Old folk at lunch

Monday, May 17, 2004

THE WEDDING



Many Americans may be unaware that the Crown Prince of Denmark has just married an Australian girl. The event got big coverage in much of Europe (and, of course, in Australia) and was even well-covered in China, but I believe that American coverage was minimal. I guess Americans are not too keen on Royalty. Was there a revolution or something? Australia is a monarchy, however, and I have always been a strong monarchist so I found it interesting and pleasing that the wedding got a lot of coverage around the world. Who says that monarchy is an anachronistic irrelevance? If it is, how come so many people watched a wedding in an ancient European monarchy? It was a beautiful show too, of course. Lots of Australian women in particular were absolutely glued to their TVs while it was all happening. So much nicer than watching anything to do with Iraq.

And, if I have any readers in Scotland, I would be pleased to hear whether I guess right in thinking that the wedding would have got blanket coverage in Scotland too. Why? Well, quite apart from normal Scottish sentimentality, the father of the bride is a Scotsman with a Scottish accent who wore the kilt for the occasion! There would have been not a dry eye in many Scottish homes, I think. I felt a bit teary myself, given my Scottish heritage.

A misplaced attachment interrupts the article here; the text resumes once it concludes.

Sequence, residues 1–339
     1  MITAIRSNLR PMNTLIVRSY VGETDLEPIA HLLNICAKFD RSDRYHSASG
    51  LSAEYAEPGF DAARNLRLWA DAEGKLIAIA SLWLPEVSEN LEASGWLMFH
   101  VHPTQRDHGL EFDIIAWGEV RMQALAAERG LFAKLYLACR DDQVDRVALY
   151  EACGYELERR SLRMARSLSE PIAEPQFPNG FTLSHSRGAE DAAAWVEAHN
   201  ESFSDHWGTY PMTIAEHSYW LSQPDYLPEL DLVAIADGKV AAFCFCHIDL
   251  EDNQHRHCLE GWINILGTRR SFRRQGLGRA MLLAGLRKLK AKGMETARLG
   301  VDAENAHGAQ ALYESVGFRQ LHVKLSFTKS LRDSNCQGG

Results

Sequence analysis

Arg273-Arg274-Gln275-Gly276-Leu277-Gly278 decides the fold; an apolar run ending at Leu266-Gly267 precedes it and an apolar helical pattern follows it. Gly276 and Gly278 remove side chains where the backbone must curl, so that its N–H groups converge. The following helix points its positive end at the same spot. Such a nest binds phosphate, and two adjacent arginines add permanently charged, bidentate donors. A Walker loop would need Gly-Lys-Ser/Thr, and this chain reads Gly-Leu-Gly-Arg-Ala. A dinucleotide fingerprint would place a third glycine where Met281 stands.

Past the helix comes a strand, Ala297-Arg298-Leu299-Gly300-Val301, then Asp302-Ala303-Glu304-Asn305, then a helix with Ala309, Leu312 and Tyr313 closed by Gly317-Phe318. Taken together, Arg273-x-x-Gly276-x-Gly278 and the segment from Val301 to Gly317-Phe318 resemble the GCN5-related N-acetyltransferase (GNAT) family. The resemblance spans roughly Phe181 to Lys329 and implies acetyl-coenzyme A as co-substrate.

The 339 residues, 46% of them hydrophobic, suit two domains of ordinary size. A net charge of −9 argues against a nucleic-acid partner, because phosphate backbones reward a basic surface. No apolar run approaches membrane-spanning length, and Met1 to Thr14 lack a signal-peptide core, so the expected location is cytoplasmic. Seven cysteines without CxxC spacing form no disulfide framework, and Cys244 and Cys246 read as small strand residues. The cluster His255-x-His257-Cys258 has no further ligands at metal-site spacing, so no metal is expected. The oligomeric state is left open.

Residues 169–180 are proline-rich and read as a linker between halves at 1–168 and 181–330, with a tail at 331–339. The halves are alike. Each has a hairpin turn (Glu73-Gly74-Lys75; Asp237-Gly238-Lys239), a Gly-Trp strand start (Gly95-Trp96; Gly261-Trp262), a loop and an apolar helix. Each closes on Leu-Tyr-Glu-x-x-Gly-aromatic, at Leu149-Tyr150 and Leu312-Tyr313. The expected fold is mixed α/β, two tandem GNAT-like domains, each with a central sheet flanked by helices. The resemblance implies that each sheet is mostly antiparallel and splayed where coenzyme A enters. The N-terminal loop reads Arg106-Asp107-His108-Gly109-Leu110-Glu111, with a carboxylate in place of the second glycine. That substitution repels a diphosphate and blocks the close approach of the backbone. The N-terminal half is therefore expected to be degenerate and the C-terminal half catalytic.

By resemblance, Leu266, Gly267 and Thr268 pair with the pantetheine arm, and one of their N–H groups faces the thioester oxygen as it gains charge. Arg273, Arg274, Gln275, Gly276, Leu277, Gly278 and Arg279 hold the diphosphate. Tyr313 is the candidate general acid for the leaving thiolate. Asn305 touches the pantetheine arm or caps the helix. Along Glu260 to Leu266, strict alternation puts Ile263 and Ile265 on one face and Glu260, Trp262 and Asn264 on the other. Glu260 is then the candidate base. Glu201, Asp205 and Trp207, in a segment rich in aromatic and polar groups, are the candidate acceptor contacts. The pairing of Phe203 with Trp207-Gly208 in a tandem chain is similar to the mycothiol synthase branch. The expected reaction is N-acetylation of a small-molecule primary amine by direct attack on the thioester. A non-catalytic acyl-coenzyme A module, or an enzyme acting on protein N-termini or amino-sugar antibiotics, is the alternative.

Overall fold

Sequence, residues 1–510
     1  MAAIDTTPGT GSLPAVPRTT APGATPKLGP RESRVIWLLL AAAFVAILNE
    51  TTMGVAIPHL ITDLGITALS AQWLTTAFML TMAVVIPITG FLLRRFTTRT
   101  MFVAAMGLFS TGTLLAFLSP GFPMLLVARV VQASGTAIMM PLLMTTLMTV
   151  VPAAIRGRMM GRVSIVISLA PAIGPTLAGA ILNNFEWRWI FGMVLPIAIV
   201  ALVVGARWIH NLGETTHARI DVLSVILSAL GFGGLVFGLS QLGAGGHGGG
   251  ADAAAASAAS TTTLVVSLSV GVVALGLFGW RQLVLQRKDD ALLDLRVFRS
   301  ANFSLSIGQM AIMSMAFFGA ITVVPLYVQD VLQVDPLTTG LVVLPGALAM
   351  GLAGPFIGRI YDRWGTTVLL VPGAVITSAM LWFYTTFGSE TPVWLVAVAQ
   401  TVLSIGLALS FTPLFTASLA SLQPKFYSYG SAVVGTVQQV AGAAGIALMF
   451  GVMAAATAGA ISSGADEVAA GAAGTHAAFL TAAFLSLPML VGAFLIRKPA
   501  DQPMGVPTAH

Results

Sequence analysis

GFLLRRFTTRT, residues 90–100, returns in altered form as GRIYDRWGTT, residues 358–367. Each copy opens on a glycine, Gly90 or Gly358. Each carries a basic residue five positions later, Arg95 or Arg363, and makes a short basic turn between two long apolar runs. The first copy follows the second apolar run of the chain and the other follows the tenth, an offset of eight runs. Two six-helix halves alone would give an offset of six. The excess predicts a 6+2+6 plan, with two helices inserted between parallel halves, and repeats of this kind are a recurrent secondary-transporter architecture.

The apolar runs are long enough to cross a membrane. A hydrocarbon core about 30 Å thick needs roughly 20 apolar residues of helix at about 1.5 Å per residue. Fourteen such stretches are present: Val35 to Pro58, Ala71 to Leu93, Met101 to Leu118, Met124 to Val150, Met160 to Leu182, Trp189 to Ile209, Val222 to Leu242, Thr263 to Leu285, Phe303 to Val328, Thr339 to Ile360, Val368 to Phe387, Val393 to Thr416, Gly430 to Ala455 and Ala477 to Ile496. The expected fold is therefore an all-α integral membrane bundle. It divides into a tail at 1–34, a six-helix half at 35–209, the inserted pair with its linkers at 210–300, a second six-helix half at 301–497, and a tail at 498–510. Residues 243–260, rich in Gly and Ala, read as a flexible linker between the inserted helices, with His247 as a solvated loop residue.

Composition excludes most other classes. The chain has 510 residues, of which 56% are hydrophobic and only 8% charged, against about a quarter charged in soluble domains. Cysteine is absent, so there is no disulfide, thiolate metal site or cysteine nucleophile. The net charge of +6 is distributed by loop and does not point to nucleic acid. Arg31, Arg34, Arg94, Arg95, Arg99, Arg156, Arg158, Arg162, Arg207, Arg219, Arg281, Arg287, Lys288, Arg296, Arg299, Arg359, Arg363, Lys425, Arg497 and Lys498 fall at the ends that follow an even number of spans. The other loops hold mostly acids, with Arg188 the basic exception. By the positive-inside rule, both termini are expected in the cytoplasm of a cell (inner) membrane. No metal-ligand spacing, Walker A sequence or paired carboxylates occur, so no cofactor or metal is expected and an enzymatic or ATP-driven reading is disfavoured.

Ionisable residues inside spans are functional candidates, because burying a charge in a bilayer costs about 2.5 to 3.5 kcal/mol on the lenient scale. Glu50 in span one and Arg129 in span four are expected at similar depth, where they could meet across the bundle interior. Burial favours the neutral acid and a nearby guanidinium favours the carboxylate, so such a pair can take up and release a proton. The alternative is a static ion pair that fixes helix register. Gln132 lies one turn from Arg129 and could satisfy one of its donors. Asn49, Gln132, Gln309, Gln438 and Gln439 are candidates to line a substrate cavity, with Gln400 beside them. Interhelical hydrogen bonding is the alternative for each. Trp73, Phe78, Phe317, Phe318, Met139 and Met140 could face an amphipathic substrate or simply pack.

And the wedding is another example of how pervasive the Australian diaspora is in the world. I think most people are aware of the big Australian presence in Hollywood these days and people who take an interest in business will be aware that Australians run both Coca Cola and McDonald's, but having an Australian as the future Queen of Denmark does rather set the seal on what a large and successful diaspora it is. And, unlike most diasporas, Australians are not driven abroad by poverty, warfare, persecution etc. They are just adventurous.